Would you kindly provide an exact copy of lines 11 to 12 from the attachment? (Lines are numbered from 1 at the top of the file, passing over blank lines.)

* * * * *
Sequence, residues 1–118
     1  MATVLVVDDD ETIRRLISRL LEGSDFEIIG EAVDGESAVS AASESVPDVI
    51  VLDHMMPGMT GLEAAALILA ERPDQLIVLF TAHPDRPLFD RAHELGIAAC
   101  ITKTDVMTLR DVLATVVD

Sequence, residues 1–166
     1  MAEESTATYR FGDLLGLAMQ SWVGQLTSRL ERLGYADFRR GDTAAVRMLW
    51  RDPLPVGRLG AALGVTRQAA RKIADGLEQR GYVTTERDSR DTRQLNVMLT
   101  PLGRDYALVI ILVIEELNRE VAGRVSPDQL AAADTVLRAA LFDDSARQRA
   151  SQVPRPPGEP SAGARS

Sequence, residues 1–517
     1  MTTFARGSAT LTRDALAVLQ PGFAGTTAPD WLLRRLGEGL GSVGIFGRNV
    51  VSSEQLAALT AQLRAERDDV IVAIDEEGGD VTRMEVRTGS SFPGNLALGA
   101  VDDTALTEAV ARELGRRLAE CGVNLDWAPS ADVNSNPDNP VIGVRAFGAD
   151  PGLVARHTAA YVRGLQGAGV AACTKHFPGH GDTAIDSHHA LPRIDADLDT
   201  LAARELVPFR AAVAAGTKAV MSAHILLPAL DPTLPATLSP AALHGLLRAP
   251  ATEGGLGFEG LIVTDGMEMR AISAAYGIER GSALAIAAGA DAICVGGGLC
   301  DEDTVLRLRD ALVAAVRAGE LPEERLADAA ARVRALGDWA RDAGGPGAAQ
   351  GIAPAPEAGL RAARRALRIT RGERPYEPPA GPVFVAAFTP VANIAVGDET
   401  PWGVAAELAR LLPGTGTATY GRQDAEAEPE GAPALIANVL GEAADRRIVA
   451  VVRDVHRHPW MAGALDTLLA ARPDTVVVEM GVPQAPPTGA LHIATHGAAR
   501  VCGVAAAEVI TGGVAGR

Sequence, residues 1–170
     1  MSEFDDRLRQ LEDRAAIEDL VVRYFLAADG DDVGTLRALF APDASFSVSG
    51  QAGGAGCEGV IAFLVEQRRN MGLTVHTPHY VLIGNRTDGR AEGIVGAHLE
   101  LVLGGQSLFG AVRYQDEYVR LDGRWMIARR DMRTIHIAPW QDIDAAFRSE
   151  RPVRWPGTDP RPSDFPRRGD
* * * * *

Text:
     1  MTTFARGSAT LTRDALAVLQ PGFAGTTAPD WLLRRLGEGL GSVGIFGRNV
    51  VSSEQLAALT AQLRAERDDV IVAIDEEGGD VTRMEVRTGS SFPGNLALGA